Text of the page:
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How Many and Why? Size Variation of National Delegations to Plenary Meetings of International Organizations


This article provides new insights into size variation of national delegations
to plenary meetings of international organizations. Plenaries are supreme
decision-making bodies representing a symbol of national sovereignty as all
member states of the given organization can participate in the negotiations
and collective decision-making. However, this article argues that the right to
participate in plenaries is utilized differently by different countries, which
may have political and normative implications for international
organizations and global governance as such. Drawing upon an actor-centred institutionalist approach and a newly created dataset covering
seventeen plenary meetings, I suggest there is considerable variation in the
delegation size caused by country-based factors. Namely, financial
capacities, ideational capacities and national interests motivate states to
delegate more representatives. In contrast, regional partnerships enable
countries to rely on their partners and delegate fewer representatives.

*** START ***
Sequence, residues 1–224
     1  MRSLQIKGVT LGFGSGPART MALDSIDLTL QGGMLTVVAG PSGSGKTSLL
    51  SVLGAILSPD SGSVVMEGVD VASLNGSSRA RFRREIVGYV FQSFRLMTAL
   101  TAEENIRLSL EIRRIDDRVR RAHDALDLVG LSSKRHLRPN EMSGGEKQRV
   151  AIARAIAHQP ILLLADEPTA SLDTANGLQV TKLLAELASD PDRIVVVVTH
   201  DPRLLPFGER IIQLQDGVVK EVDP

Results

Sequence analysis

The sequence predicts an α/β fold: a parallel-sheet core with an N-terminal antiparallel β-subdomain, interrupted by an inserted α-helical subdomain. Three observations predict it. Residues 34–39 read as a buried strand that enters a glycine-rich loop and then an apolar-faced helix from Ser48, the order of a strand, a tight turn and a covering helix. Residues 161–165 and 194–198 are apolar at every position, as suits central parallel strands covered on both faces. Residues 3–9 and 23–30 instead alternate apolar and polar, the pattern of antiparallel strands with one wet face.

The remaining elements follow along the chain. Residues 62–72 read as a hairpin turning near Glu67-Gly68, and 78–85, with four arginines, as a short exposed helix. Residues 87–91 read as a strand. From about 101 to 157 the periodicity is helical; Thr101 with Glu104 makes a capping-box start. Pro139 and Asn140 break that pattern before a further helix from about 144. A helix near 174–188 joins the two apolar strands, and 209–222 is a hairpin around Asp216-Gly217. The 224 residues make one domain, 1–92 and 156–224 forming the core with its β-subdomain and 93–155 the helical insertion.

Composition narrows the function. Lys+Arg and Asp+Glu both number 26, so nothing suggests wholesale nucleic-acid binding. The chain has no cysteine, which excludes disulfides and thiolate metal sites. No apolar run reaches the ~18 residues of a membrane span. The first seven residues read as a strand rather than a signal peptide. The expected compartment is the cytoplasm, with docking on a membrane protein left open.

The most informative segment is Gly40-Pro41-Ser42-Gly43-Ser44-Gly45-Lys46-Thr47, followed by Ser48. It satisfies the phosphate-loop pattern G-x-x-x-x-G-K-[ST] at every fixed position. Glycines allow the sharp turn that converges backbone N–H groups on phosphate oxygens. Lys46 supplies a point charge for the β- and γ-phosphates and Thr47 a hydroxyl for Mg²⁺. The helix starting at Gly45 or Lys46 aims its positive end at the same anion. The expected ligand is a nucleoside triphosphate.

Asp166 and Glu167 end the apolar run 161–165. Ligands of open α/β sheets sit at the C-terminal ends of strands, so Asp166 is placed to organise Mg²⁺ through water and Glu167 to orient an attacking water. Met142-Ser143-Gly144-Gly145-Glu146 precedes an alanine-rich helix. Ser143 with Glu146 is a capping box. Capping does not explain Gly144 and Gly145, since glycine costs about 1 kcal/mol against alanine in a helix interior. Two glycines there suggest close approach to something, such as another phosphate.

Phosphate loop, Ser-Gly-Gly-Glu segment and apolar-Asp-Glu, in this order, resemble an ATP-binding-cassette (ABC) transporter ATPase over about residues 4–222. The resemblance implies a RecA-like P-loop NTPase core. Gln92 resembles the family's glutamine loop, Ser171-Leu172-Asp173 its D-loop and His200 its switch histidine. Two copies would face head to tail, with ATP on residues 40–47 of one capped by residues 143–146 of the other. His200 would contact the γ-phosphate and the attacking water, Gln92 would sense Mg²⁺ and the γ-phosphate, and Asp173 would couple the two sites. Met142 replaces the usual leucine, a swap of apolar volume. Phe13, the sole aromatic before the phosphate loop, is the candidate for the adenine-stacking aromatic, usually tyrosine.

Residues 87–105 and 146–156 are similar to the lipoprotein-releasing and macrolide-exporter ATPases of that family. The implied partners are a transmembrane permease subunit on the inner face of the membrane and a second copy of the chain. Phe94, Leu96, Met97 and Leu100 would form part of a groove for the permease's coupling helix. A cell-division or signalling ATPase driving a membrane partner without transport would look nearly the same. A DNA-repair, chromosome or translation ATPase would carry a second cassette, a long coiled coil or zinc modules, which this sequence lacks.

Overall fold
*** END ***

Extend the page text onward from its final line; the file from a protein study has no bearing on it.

Finally, administrative capacities, the nature of the domestic political
regime, and the institutional design of international organizations have no
or only an inconclusive effect in this regard.


national delegations, delegation size, plenary meeting, international organizations, international negotitations

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Author Biography

Václav Vlček

Václav Vlček is a PhD candidate at the Institute of Political Studies, the
Faculty of Social Sciences, Charles University. His areas of interest are
international organizations and the European Union. In his recent research,
he focuses on national delegations to plenary meetings of international
organizations and ministers’ participation in the Council of the EU meetings.